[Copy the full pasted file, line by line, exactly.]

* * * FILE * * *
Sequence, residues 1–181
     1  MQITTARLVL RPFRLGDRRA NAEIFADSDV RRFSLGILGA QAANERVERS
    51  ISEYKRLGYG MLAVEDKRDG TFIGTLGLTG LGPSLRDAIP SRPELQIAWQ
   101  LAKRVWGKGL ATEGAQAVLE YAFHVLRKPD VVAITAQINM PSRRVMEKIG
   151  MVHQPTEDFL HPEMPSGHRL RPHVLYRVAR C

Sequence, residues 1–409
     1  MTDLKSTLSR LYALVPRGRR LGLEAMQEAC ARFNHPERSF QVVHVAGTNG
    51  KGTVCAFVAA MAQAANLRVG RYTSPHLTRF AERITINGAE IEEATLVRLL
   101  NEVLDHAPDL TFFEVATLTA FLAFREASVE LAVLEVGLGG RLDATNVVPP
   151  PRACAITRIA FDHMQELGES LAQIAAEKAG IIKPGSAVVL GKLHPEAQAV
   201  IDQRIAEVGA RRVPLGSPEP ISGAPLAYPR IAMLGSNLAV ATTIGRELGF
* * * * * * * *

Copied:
Sequence, residues 1–181
     1  MQITTARLVL RPFRLGDRRA NAEIFADSDV RRFSLGILGA QAANERVERS
    51  ISEYKRLGYG MLAVEDKRDG TFIGTLGLTG LGPSLRDAIP SRPELQIAWQ
   101  LAKRVWGKGL ATEGAQAVLE YAFHVLRKPD VVAITAQINM PSRRVMEKIG
   151  MVHQPTEDFL HPEMPSGHRL RPHVLYRVAR C

Sequence, residues 1–409
     1  MTDLKSTLSR LYALVPRGRR LGLEAMQEAC ARFNHPERSF QVVHVAGTNG
    51  KGTVCAFVAA MAQAANLRVG RYTSPHLTRF AERITINGAE IEEATLVRLL
   101  NEVLDHAPDL TFFEVATLTA FLAFREASVE LAVLEVGLGG RLDATNVVPP
   151  PRACAITRIA FDHMQELGES LAQIAAEKAG IIKPGSAVVL GKLHPEAQAV
   201  IDQRIAEVGA RRVPLGSPEP ISGAPLAYPR IAMLGSNLAV ATTIGRELGF